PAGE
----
Let's say you have a C# Dynamics GP integration that retrieves Customer records from a staging table and you need to convert each row to a Customer object so that you can more easily work with the data.

You could loop through the rows in your DataTable, read every field in the row, and assign each field value to each corresponding object property.  But that would be tedious, particularly if your object has dozens of properties.  And it's very low value coding.

After having done this a few times, I got sick of all of the typing and figured there had to be a better way.  Of course there is.  Fortunately a very smart person posted some code that handles this task very well, using Reflection.

https://codereview.stackexchange.com/questions/30714/converting-datatable-to-list-of-class

It works incredibly well and requires all of 1 or 2 lines of code to use.

I made a few different variations, allowing me to use it with a DataTable, DataRow, and DataRow arrays.


using System;
using System.Collections.Generic;
using System.Linq;
using System.Text;
using System.Reflection;
using System.Data;

namespace TSM.Integration.Library
{
    static class ObjectMapper
    {
        ///

        /// Converts a DataTable to a list with generic objects
        ///
        /// Generic object
        /// DataTable
        /// List with generic objects
        public static List DataTableToList(this DataTable table) where T : class, new()
        {
            //From: https://codereview.stackexchange.com/questions/30714/converting-datatable-to-list-of-class

            try
            {
                List list = new List();

                foreach (var row in table.AsEnumerable())
                {
                    T obj = new T();

                    foreach (var prop in obj.GetType().GetProperties())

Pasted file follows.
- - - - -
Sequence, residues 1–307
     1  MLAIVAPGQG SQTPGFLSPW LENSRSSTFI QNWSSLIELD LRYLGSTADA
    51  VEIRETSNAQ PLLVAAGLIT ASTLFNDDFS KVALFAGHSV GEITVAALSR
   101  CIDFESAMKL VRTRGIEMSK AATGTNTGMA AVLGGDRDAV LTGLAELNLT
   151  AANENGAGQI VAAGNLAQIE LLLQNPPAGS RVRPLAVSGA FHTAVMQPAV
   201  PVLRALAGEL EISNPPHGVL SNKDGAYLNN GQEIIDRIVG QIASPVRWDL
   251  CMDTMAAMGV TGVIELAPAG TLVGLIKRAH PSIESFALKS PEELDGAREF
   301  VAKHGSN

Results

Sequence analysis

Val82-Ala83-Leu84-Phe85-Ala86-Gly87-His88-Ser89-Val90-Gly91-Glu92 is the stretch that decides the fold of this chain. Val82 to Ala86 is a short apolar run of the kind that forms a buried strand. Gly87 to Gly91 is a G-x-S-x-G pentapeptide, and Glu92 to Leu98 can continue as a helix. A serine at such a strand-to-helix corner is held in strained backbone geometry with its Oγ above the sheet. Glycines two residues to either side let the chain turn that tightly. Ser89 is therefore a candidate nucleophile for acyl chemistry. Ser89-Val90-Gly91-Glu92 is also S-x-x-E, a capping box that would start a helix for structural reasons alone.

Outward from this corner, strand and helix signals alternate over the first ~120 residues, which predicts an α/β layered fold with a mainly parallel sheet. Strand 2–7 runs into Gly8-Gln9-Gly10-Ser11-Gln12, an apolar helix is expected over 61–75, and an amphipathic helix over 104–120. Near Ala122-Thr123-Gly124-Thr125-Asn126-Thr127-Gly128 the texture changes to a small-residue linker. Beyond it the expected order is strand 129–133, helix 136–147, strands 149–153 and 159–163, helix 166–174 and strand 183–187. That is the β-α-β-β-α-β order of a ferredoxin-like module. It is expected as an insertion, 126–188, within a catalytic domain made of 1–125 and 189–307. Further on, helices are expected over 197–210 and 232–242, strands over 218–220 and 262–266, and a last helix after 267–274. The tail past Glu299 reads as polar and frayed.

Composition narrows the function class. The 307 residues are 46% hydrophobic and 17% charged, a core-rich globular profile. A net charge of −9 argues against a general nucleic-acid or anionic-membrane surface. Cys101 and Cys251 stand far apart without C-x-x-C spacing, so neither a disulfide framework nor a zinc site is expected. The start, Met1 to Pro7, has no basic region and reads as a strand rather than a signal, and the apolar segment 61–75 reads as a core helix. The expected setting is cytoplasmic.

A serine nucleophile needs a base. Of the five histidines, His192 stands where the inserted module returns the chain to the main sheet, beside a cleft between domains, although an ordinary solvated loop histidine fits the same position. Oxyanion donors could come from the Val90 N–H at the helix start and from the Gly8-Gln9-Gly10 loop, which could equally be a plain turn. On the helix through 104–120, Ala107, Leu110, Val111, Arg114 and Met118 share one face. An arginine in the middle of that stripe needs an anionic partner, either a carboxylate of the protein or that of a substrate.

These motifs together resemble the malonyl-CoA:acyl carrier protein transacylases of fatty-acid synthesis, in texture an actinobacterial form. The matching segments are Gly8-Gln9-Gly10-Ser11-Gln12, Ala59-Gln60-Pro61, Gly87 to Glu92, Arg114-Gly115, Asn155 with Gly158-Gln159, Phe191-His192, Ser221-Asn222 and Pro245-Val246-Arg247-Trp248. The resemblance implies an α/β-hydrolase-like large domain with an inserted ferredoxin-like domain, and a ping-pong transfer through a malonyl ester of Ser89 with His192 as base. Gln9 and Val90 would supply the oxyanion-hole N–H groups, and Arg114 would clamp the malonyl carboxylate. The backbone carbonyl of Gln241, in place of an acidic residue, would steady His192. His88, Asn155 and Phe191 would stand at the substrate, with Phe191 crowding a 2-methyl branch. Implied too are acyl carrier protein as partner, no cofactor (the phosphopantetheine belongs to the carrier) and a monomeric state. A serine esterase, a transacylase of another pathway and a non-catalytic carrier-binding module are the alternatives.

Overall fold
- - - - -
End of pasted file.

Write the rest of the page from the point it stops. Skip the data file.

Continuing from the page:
{
                        try
                        {
                            PropertyInfo propertyInfo = obj.GetType().GetProperty(prop.Name);
                            propertyInfo.SetValue(obj, Convert.ChangeType(row[prop.Name], propertyInfo.PropertyType), null);
                        }
                        catch
                        {
                            continue;
                        }
                    }

                    list.Add(obj);
                }

                return list;
            }
            catch
            {
                return null;
            }
        }


        public static T DataRowToList(this DataRow row) where T : class, new()
        {
            //Variant of DataTableToList code from: https://codereview.stackexchange.com/questions/30714/converting-datatable-to-list-of-class

            try
            {
                List list = new List();

                T obj = new T();

                foreach (var prop in obj.GetType().GetProperties())
                {
                    try
                    {
                        PropertyInfo propertyInfo = obj.GetType().GetProperty(prop.Name);
                        propertyInfo.SetValue(obj, Convert.ChangeType(row[prop.Name], propertyInfo.PropertyType), null);
                    }
                    catch